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China's industrial output grew at a weaker pace in May as higher tariffs imposed by the US administration dented production meant for exports.

Data from the National Bureau of Statistics showed that industrial production advanced 5 percent year-on-year in May, while growth was expected to remain stable at 5.4 percent.

On the other hand, retail sales grew at a faster-than-expected pace of 8.6 percent after rising 7.2 percent in the previous month. Sales were forecast to advance 8.1 percent.

In the January to May period, fixed asset investment increased only 5.6 percent from the previous year. Economists had forecast a 6.1 percent increase, as seen in the January to April period.

Similarly, property investment grew 11.2 percent in the five months to May compared to an 11.9 percent rise in the January to April period.

Disappointing batch of economic data reinforces the assessment that growth will probably weaken a bit more this quarter, Franziska Palmas, an economist at Capital Economics, said.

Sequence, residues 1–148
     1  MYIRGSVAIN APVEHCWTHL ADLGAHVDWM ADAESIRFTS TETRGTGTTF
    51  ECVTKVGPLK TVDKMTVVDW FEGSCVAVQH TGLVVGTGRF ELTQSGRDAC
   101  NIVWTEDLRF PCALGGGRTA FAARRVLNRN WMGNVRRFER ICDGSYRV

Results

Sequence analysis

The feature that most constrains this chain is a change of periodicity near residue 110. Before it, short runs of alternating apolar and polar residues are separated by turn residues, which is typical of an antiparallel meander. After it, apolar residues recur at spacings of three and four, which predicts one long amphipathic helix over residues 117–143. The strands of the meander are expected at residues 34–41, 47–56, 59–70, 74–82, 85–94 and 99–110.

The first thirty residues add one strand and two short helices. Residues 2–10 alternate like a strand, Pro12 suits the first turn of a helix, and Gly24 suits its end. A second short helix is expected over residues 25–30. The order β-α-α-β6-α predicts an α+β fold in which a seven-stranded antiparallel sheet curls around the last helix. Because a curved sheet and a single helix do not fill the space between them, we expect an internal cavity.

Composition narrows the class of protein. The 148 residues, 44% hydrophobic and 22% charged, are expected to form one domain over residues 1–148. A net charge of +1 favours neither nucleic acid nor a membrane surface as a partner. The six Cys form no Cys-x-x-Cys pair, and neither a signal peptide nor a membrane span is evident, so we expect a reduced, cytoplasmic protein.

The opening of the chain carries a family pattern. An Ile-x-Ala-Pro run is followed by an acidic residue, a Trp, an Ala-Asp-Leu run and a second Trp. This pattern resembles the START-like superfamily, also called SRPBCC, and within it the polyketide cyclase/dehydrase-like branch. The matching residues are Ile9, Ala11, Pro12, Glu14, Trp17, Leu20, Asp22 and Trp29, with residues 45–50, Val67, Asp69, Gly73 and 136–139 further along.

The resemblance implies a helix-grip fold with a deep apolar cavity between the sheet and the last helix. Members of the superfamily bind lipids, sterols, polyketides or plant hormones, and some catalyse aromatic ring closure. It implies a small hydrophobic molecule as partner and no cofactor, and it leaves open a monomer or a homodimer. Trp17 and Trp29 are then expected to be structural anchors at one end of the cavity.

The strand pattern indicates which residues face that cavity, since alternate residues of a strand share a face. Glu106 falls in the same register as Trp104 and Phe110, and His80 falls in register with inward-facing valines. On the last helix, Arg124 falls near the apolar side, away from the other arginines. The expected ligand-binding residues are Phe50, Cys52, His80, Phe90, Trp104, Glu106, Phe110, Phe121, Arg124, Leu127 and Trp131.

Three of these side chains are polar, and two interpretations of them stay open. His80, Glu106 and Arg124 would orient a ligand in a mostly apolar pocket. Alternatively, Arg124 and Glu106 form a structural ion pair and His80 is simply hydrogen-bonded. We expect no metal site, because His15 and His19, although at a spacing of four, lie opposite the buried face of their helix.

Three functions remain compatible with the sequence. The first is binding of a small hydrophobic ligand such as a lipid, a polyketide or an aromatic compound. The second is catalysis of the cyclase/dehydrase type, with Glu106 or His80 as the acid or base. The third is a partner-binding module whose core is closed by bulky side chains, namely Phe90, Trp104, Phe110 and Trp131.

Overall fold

With consumer and business sentiment likely to sour further as the trade war escalates, additional policy easing will be needed to shore up growth, the economist noted.

However, with the scale of stimulus likely to remain smaller than in previous downturns due to concerns about financial stability, a strong recovery is not anticipated, Palmas added.

The International Monetary Fund cut China's growth forecast for this year and next to 6.2 percent and 6 percent, respectively, citing downside risks and high uncertainty surrounding trade tensions, and said more policy easing may be needed if the conflict escalates.

The unemployment rate remained stable at 5 percent in May, the NBS reported.

According to the latest ManpowerGroup Employment Outlook, released on Tuesday, hiring sentiment in China was relatively stable compared to the previous quarter, but employers reported a slight annual decrease in their plans to recruit staff.